Asian soybean rust has made the ag headlines for a year now. But don't forget another devastating fungus that breeds dreaded aflatoxin. Aflatoxin has infected many U.S. corn and cotton fields for years.

Central Texas grower Scott Averhoff has battled aflatoxin invasions more than once since 1990. He'd just as soon not face another one. His work as chairman of the national Mycotoxin taskforce is helping in the national drive to control aflatoxin or get rid of it completely.

The task force was formed by the National Corn Growers Association in 2002. The seven-member team is helping coordinate aflatoxin research among USDA and university scientists in affected states along the Gulf Coast and the eastern seaboard.

Aspergillus flavus is the fungus that causes aflatoxin. It thrives in drought-stricken areas with high humidity. “The more stress on corn, the more chance for the toxin,” says Averhoff, who farms a corn and wheat rotation at Waxahachie, south of Dallas.

Depending on where it is to be used, aflatoxin-infested corn faces everything from blending with clean corn or ammoniation to detoxify and degrade the toxin, to the need for complete crop destruction.

Corn for human consumption or that used for dairy cows can have no more than 20 parts per billion (ppb). Corn fed to finishing beef cattle can be 300 ppb. Blended corn can also be discounted by up to $1/bu., says Averhoff. If the rate of aflatoxin is more than 500 ppb, it must be destroyed.

Averhoff has seen all phases of contamination. He got a wake up call in 1990 when some of his corn tested positive. Then, 1996 was another bad year. Corn at 300-500 ppb had to be blended with clean corn to bring it below 300 ppb. But, 1998 was the worst.

“We had some fields that were 1,400 ppb and we averaged about 1,000,” he says. “All our corn had to be destroyed.”

It's difficult to tame the toxin. To help prevent aflatoxin, Averhoff uses several production and handling methods. First, he plants in 36-in. rows at a population of only 20,000 seeds/acre. “There is less stress on the plants,” he says. “We also plant Roundup Ready corn to hold down weed pressure, which also can cause stress to the corn plant.”

His yields for dryland production can top 150 bu./acre, but average about 90 bu./acre. “We try to harvest (earlier) at 20% moisture, then dry down the corn to 15%,” he says. “We dry the grain with ambient air. No heat is added.”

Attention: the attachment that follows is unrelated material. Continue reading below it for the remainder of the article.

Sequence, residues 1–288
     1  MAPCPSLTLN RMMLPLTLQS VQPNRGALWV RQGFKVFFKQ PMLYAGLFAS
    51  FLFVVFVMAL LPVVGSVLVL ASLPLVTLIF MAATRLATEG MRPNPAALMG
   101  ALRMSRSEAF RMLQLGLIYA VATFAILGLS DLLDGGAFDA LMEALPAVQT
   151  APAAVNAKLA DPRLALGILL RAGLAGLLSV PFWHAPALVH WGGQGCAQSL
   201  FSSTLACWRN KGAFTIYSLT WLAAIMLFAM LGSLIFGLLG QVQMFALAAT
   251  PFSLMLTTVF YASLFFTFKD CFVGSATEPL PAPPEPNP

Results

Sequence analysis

Averhoff's goal is to have aflatoxin-resistant corn hybrids to plant. The task force is behind research for resistance and other methods of aflatoxin control. “There is about $800,000 going toward aflatoxin research nationwide,” he says.

Much of the research is through Texas A&M University and North Carolina State University, where scientists are looking at poultry and dairy tests using binding agents. Other southern universities are seeing research, as is the University of Arizona, where aflatoxin in cotton has been a major problem, and USDA research stations such as the Food & Feed Safety Research Unit at the USDA Southern Regional Research Center in New Orleans.

Ed Cleveland, a leader in the center's aflatoxin programs, is working directly with a colleague in Phoenix who continues to see strong results in controlling aflatoxin through a counter-fungus that can turn back the toxic strain in cotton. Peter Cotty, an ARS plant pathologist, says the atoxigenic strain of aspergillus flavus does not damage corn or cotton.

Working with growers on some 20,000 cotton acres, he's found the atoxigenic strain competes head on with the toxic strain. “The non-aflatoxin producing strains are natural,” he says. “When they infect a field at the same time as the toxic strain, it can limit contamination a great deal.

“These influences of the atoxigenic have long-term effects. It can survive more than a year. We treat one year and get displacement. It overwinters to the next year. When we treat the second year and rotate to different crop, that crop benefits,” Cotty says. “If we keep treating a field, the non-aflatoxin ‘producers’ may eventually dominate throughout the field.”

The atoxigenic fungus is actually grown in wheat seed. About 10 lbs./acre is applied at a cost of about $5/acre for material. In south Texas, where growers regularly plow up aflatoxin-hendered corn, Cotty has helped obtain a Section 3 registration for the atoxigenic material in cotton, as well as for Arizona and southern California.

This should help growers who have corn rotated with cotton, he says.

Meanwhile, Cleveland and other researchers are looking to determine the genome of the atoxigenic strain as well as the toxic strain. “Knowing the fungal genome (of the toxic strain) will tell us more about its vulnerabilities,” says Cleveland.

Averhoff and the mycotoxin task force are also looking into alternative uses for contaminated corn. For example, he points out that there are problems associated with corn run through an ethanol plant.

About one-third of corn processed in an ethanol plant becomes dry distillers' grain (DDG). The problem with 200 ppb aflatoxin-infected corn is that all of the contaminated corn winds up in the DDG. “That means it can be 600 ppg,” says Averhoff. He says it's then unfit for beef cattle consumption, much less dairy cows.

He reminds Corn Belt growers that in hot, dry years, they can also see aflatoxin problems. In the late '80s, hundreds of millions of dollars in corn damage was experienced through aflatoxin contamination.

Aflatoxin is not the only toxin that worries the task force. “We named it a mycotoxin task force for a reason,” says Averhoff. “Fumonisin (a toxin caused by fungus commonly found in most of the world's corn and a toxin produced by the soil-borne disease fusarium) is also prevalent in Midwestern corn. If national standards on acceptable fumonisin consumption levels are set by the Food and Drug Administration, it will be an increasing problem for growers to deliver corn for food or feed.”